(mobilisation is a passive oscillatory type of movement, and manipulation more of a sudden
thrust128). Both are used to restore normal accessory movements in restricted joints.129 Gentle
joint oscillations that modulate nervous tissue are also used for pain relief in an acute joint.130
Manual therapy also includes using soft tissue techniques (such as massage and deep transverse
frictions131) in addition to other modalities in treating ankle sprains. However, there is a lack or
research on the clinical benefits of these techniques based on randomised controlled trials.
Two papers investigated the use of manual therapy techniques in treating acute ankle sprains.
One investigated using an antero-posterior (AP) glide of the talus to restore dorsiflexion in the
acutely sprained ankle130, and the other a gapping adjustment in sub-acute and chronic ankle
sprains to improve function.134
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The clinical relevance of using a mobilising technique in an acute ankle sprain to restore range
of movement has to be questioned. There were also no significant differences in return to normal
walking, running and return to work and sport.
Further research is needed on the efficacy of manual therapy in improving functional outcomes
for ankle sprains.
Rehabilitation of ankle sprain
Common treatment methods
Key conclusions
• Exercise that addresses proprioceptive re-training
• Supervised rehabilitation and the use of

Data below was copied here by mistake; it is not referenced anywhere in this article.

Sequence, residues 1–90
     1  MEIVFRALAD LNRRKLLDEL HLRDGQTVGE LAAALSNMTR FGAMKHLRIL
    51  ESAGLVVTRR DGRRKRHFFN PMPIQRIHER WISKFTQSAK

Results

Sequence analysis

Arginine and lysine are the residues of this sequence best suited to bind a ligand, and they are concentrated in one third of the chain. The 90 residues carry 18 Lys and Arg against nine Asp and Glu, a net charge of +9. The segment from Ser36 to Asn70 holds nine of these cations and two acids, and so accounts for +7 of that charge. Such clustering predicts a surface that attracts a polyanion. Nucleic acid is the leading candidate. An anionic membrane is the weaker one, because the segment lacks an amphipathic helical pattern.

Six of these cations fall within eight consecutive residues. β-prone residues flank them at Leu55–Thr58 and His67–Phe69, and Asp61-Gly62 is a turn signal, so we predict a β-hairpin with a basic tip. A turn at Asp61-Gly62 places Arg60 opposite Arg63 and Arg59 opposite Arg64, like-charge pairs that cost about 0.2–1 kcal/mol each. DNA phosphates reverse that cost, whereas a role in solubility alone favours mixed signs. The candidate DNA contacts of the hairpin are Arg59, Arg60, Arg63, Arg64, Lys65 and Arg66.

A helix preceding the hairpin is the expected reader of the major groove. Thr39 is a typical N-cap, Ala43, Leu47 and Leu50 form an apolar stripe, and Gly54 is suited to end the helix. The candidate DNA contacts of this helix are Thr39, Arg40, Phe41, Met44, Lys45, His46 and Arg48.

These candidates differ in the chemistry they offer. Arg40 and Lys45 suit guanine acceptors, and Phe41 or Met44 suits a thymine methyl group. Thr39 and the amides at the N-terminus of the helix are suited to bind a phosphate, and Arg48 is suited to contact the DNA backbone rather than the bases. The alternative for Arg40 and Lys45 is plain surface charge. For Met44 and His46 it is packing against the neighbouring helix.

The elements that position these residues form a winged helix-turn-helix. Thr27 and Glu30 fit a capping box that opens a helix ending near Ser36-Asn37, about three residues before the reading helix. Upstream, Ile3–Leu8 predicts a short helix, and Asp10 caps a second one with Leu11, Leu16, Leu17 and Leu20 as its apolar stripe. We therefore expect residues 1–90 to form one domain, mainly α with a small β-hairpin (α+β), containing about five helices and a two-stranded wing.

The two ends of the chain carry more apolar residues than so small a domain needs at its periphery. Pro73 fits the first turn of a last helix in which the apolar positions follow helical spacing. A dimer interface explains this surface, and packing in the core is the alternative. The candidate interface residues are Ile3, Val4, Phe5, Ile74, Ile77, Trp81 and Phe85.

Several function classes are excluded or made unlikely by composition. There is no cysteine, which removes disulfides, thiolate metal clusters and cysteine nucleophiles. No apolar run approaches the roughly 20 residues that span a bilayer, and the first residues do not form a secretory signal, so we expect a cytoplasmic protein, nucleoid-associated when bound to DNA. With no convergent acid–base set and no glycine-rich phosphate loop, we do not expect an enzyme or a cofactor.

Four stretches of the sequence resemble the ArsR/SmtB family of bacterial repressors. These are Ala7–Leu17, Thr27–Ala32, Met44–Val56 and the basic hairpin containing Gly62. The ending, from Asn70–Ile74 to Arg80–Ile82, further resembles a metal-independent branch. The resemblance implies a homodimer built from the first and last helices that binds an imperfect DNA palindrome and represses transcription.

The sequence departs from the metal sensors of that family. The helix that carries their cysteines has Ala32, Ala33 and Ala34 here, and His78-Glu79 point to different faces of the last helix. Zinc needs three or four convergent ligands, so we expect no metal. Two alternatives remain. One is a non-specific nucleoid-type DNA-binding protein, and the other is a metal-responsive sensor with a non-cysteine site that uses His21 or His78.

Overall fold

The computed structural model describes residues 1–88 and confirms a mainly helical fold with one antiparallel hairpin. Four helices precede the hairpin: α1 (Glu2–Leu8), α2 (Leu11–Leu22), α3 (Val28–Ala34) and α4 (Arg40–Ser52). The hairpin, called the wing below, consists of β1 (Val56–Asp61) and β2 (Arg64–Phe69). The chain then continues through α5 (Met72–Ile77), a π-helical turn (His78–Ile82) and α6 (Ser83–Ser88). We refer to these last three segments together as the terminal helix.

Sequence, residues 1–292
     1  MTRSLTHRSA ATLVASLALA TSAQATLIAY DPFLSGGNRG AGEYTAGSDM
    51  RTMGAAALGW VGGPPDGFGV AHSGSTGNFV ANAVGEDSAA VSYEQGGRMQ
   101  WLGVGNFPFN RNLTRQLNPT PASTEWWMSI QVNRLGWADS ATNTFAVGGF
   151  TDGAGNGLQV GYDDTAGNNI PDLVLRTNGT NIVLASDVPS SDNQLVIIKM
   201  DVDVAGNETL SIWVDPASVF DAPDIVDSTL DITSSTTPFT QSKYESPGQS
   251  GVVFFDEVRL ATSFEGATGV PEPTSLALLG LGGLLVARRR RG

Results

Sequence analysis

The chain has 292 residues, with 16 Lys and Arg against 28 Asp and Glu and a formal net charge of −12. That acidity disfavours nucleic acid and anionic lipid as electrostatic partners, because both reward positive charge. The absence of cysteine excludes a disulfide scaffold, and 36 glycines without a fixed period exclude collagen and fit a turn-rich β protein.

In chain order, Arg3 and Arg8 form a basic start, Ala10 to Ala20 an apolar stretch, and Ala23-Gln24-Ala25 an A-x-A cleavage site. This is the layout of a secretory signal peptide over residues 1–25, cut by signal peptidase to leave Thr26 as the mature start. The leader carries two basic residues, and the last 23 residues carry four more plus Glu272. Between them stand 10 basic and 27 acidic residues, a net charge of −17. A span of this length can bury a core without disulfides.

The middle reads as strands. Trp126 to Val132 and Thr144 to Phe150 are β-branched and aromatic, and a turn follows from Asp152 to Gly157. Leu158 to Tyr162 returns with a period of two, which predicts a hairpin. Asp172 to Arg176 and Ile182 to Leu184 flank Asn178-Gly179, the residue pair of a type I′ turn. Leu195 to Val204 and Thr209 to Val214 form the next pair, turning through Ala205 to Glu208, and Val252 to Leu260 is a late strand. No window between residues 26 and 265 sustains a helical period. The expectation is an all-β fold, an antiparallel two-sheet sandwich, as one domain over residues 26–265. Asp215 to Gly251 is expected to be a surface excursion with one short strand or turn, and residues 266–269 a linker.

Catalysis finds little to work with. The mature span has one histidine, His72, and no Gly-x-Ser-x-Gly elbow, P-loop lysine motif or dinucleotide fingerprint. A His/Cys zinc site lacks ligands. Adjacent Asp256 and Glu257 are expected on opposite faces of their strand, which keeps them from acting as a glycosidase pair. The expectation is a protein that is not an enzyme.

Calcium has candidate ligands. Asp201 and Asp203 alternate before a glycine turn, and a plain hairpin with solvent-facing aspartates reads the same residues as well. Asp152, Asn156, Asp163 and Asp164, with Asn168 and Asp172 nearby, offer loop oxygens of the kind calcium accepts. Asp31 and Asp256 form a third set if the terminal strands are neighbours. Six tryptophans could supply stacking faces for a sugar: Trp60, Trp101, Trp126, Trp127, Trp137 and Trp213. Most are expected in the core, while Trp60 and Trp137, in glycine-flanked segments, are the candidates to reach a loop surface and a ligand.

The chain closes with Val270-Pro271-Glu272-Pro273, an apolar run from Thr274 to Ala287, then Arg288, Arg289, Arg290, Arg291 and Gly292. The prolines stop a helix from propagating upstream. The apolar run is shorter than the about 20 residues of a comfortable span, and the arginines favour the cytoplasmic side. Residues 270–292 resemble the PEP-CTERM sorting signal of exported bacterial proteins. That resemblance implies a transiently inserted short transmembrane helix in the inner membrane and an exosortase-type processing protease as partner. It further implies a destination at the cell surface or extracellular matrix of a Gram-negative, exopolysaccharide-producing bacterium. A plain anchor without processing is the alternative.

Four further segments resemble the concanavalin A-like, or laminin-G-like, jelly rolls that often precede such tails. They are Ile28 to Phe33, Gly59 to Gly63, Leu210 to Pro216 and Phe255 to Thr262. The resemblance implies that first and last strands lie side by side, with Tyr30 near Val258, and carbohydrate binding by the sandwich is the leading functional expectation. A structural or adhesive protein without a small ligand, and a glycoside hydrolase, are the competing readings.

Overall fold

proprioceptive training should be recommended as
part of ankle sprain management
• Co-ordination training (usually wobble boards and
tilt boards)
• Agility training on parameters of balance (such as
joint position sense and postural sway)
Much of the literature claimed that adequate rehabilitation is important in preventing functional
instability and recurrent sprains, which are a common sequelae of ankle sprains. Exercise that
addresses proprioceptive re-training is considered particularly important because
mechanoreceptors found in joint capsules, ligaments, muscles and skin are damaged during
injury and interfere with the normal neuromuscular feedback mechanisms required for balance
and co-ordination.7 74
The three trials in this review investigated the effects of various types of exercise or
rehabilitation programmes on functional outcomes, such as incidence of functional instability
and recurrent sprain.
These trials suggest that supervised rehabilitation and the use of co-ordination training reduce
the recurrent injury rate and functional instability. This is important in terms of secondary
prevention, given that the incidence of re-injury is high. Supervised rehabilitation and the use of
co-ordination training should be recommended as part of ankle sprain management.
Key conclusions
• Evidence for the use of neuroprobe in managing acute ankle injuries is inconclusive
A number of health practitioners use acupuncture in reducing swelling and relieving pain in
ankle sprains.
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Over the past 30 years a vast body of scientific knowledge has accumulated and few would now
deny there is a physiological basis to acupuncture. Acupuncture analgesia has been studied
extensively, and there is strong evidence for the endorphin hypothesis. There is also moderately
strong evidence for the involvement of midbrain monamines (serotonin and norepinephrine), and
studies are continuing for possible involvement of the pituitary-hypothalamic system.147
The research did not reveal any randomised controlled trials for the use of acupuncture in acute
sprained ankles. One study investigated the role of the neuroprobe in treating Grade II ankle
sprains, but did not involve needling (it used an electrical probe that delivered mild electrical
stimulation to selected acupuncture points on both ankles and the ear).